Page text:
This IAE Blog entry is based on “The Calculating Brain,” written by Stanislas Dehaene (2010). It is chapter 9 in *Brain, Mind, and Education* (Sousa, 2010). Dehaene has long been a world leader in research on the brain science of children developing arithmetic knowledge and skills.The following are some of the ideas discussed in Dehaene's chapter.

- An undamaged infant’s brain has innate ability to distinguish between 1, 2, and 3 objects. This level of exactness serves as a starting point for eventually learning the math language and notation for dealing with larger quantities and with a number line of evenly spaced numbers.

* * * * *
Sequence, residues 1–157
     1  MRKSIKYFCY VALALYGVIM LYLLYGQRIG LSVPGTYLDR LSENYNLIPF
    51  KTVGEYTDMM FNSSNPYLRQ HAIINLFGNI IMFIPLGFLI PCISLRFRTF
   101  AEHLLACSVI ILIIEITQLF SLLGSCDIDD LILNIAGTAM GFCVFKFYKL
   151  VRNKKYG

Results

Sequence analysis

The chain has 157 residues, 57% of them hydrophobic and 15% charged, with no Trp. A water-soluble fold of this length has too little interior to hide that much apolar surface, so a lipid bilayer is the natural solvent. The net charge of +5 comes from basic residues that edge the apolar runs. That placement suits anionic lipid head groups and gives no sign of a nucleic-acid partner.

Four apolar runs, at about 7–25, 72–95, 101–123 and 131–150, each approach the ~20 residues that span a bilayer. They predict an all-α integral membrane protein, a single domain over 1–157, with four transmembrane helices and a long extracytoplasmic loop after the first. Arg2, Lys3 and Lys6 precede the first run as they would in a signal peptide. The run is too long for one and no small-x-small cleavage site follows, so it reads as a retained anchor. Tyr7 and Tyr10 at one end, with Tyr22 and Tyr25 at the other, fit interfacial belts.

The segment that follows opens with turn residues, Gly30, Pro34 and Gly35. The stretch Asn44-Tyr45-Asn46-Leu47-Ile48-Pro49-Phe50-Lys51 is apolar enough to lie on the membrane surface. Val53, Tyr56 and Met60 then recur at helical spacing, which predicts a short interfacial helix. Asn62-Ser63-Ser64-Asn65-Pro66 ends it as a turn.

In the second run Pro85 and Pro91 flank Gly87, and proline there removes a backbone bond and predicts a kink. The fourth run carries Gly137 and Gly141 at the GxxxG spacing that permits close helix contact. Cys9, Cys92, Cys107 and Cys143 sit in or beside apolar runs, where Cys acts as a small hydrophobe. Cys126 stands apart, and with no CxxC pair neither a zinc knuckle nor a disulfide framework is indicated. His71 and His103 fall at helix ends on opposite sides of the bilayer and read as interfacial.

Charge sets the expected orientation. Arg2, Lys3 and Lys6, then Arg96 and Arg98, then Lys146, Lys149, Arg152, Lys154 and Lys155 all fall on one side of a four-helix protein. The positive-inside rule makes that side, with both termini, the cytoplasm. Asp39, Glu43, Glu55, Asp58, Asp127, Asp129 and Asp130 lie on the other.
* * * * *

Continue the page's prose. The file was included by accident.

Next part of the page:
- The infant’s brain also has innate ability to deal with approximations. Humans and some other animals can tell when one group of objects is larger than another. For example, a small pride of lions that encounters a much larger pride of lions will retreat to avoid a confrontation. A human toddler can distinguish a difference when the ratio of objects in two sets is two to one (such as eight objects versus four objects). This ability improves as a brain matures, so that a typical adult is able to distinguish a difference when one set of objects is about 1.15 times as large as another set.

Math education builds on these two innate abilities. It takes a lot of education to bring these innate skills to the contemporary standards we expect in arithmetic.